A first-of-its-kind study from Lawrence Berkeley National Laboratory has revealed that the global computer gaming industry can make a significant contribution to reducing carbon emissions. Gaming computers are powerful, graphics-heavy devices that use six times more energy than personal computers, and 10 times more energy than gaming consoles. The Berkeley Lab study found that, with some relatively simple system and component changes, energy use by gaming computers could be reduced by more than 75 percent.
The new study adds an interesting twist to the social-impact computer gaming movement, which has embraced gaming as a powerful influencing experience that can lead to positive behavior changes, and provide companies with a powerful new tool for engaging customers.
If the gaming industry makes the changes suggested in the study, the potential energy savings is 75 percent. To put it in terms of power generation, the savings by 2020 would be equivalent to 40 typical 500-megawatt power plants that would not have to be built.
The year 2020 is only six years away, and during this time coal, natural gas and petroleum will still dominate the electricity generation landscape, so the direct carbon footprint savings is clear.
Berkeley researcher Evan Mills, who co-authored the study, notes that gaming computers have not faced the same kind of carbon footprint scrutiny that other computers and large appliances have encountered:
"It’s remarkable that there’s such a huge overlooked source of energy use right under our noses. The energy community has been looking at ordinary personal computers and consoles for a long time, but this variant, the gaming computer, is a very different animal ...
" ... Your average gaming computer is like three refrigerators. When we use a computer to look at our email or tend our Facebook pages, the processor isn’t working hard at all. But when you’re gaming, the processor is screaming. Plus, the power draw at that peak load is much higher and the amount of time spent in that mode is much greater than on a standard PC."
Mills also warns that sales of relatively energy-efficient gaming consoles are slacking off even as the power-sucking desktop computer gaming market has been growing rapidly growing:
"There are 1 billion people around the world who are gaming now. And it’s a really diverse demographic. There are a lot of women; the median age is 31. And the popularity of these giant desktop gaming computers is growing fast."
The research team built five gaming computers in more efficient configurations and found that energy use could be halved without loss of performance. To get to the 75 percent figure, they also changed the operational settings for certain components.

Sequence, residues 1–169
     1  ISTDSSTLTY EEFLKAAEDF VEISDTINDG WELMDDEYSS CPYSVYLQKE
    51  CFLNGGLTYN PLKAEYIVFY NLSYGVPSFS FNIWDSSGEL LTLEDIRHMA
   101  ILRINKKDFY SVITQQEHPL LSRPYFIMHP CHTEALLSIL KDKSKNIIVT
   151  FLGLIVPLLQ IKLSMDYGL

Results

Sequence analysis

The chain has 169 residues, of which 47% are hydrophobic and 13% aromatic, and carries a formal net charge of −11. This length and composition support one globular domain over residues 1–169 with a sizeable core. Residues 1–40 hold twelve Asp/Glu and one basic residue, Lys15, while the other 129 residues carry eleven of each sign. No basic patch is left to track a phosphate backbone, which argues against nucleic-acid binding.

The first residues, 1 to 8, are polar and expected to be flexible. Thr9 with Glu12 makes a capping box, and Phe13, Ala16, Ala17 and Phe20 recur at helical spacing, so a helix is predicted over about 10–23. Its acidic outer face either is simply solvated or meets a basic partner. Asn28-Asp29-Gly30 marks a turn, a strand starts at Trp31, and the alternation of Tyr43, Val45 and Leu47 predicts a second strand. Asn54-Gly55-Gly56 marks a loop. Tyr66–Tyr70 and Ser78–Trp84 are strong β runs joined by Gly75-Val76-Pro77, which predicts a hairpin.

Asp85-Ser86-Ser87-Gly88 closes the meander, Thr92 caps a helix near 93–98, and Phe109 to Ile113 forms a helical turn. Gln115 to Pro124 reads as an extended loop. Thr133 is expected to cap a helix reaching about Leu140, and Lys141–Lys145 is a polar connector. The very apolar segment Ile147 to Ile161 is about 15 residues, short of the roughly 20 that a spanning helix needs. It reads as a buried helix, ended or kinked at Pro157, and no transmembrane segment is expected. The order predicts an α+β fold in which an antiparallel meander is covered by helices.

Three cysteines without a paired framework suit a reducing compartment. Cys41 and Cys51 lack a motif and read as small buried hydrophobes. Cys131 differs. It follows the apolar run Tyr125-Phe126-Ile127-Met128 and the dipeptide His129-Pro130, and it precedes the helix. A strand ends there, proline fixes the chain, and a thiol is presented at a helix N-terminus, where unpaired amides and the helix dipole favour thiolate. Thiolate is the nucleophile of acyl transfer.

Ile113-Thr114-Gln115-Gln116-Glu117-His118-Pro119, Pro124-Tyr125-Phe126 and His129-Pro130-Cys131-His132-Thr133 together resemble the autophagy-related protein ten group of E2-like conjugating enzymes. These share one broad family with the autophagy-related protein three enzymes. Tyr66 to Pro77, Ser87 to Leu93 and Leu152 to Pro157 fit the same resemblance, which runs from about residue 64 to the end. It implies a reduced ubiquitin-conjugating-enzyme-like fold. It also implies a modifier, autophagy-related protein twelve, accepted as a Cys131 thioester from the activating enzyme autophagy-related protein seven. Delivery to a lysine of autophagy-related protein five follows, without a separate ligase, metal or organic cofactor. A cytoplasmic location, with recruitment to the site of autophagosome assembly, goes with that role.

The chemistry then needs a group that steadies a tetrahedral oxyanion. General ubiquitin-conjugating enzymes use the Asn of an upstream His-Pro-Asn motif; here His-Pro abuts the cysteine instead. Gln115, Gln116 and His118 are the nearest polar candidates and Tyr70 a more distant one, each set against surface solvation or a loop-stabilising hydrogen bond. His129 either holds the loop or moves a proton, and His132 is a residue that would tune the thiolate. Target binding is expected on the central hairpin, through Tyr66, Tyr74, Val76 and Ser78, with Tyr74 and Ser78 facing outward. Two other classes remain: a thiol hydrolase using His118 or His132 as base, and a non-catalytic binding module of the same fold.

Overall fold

Game designers also have an opportunity to pitch in by designing games to use energy more efficiently.
The study was sparked after Mills and his son -- who became his collaborator in the new study -- built a custom system at home. The energy-sucking nature of serious computer gaming quickly became evident on the household electricity bill.
That experience, and the subsequent study, inspired the research team to launch GreeningtheBeast.org, a platform for gamers and the computer gaming industry to organize for energy efficiency improvements.
Here's the breakdown according to the website:
"Based on our numbers, at the U.S. average of 4.4 hours a day of intense gaming, plus everything else you do on your machine, a typical rig might use 1,400 kilowatt-hours of electricity a year, or about $200 in energy bills at typical U.S. prices.
"In addition, depending on how dirty your local utility is, your rig could easily be spewing 1,500 pounds of the greenhouse gas [carbon dioxide] into the atmosphere at the same time. That's the middle of the range. How bad can it get ...? Over $1,000/year and 5,000 pounds of CO2!
Back in 2010, a group of energy efficiency 'gurus' proposed the Rosenfeld as a simple, easily-grasped unit of energy savings.
The Rosenfeld would enable people to visualize the impact of their actions, much the same way as removing the equivalent in cars from the road helps people to visualize carbon savings.
As for Rosenfeld, the namesake of the new unit is Arthur Rosenfeld, former particle physicist and member of the California Energy Commission, whose interest in behavior changes related to energy use dates back to the 1970s oil embargo.
Rosenfeld was among the first observers to predict that economies don't necessarily need to consume more energy in order to grow, a phenomenon that is becoming more evident today.
Image credit: Flickr/macinate
Tina writes frequently for TriplePundit and other websites, with a focus on military, government and corporate sustainability, clean tech research and emerging energy technologies. She is a former Deputy Director of Public Affairs of the New York City Department of Environmental Protection, and author of books and articles on recycling and other conservation themes. She is currently Deputy Director of Public Information for the County of Union, New Jersey. Views expressed here are her own and do not necessarily reflect agency policy.